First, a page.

The new contras are worse than the ones of the 80s because they are everywhere. When the police ban a march that was going to be massive, the crowd shatters and flickers in the form of hundreds of picketers. Blue and white balloons emerge from any rural outcropping, patron-saint procession, public school or mall. That is why the presidential couple redoubled the police and military presence, and rushed to graduate new cadetes and police dogs, as badly trained the latter as the former. Six hundred promotions in the police – most lower ranking, not leadership positions – they want to buy loyalty in a legion that has become the principal support for the dictatorship. The same thing happened in the army, in whose 40th anniversary their highest general saw himself invited? Obliged? to read a speech that sealed his unconditional fidelity. The simultaneous exhibition of heavy weapons was just the intimidating background for the tragic comedy. What is the next step? Maybe a pair or series of (self) attacks to justify the deployment of soldiers in allegedly strategic objectives. The organization of retired soldiers was only an appetizer that has more hermeneutic use than military effectiveness.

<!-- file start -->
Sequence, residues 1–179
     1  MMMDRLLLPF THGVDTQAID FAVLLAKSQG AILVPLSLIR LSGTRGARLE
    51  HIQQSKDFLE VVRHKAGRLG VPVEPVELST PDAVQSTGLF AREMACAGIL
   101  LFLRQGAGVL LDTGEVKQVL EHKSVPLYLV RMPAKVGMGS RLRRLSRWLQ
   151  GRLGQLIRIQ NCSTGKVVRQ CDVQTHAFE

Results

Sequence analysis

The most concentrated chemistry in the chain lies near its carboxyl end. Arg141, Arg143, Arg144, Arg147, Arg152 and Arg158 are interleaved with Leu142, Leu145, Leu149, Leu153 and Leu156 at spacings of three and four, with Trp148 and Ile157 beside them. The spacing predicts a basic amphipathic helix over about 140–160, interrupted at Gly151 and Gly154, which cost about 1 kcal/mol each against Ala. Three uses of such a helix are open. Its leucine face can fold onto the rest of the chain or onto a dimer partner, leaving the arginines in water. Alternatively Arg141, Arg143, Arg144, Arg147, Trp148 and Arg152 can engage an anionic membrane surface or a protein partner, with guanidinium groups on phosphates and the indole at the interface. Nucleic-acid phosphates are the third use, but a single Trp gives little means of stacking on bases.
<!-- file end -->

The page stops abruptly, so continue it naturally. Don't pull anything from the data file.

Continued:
The second spectre is as fearful as the previous one: the union of all the opposing segments in one anti-FSLN force, like the one that was capable of defeating them in the 1990 elections. Maduro and the Cuban Politburo probably insist on the fact that no way would they let power be taken away from them through votes if they can retain it with bullets. With swollen bags under their eyeballs, the dictatorial couple does not know what to do. Before the April rebellion, Almagro was willing to play their game of an interminable electoral reform. That farce can no longer be continued without revealing itself. A group of kids ruined that play and its monstrous development. The only margin for action that the dictators have they invested in buying time and dividing. Buying time to see what happens: to see if a stroke of luck would benefit them, if more presumed leftist governments would come to power, if a generous sponsor would emerge, if Trump is replaced by a less aggressive president…But in general buying time is losing time: the deterioration of the government progresses, Venezuela closed its wallet and increasingly has less chance of opening it up again, and a change in the president of the United States does not guarantee a change in policy toward Orteguism, which in fact has benefitted from the fact that Trump is a dog who barks louder than he bites.